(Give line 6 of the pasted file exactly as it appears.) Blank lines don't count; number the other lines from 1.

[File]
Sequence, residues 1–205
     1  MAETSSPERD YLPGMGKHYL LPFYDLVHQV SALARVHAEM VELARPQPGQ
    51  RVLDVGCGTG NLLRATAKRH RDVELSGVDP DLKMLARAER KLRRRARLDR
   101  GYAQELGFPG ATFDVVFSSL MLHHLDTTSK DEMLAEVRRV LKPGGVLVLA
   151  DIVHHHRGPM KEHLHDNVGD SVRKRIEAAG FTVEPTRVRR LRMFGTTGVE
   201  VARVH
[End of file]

   201  VARVH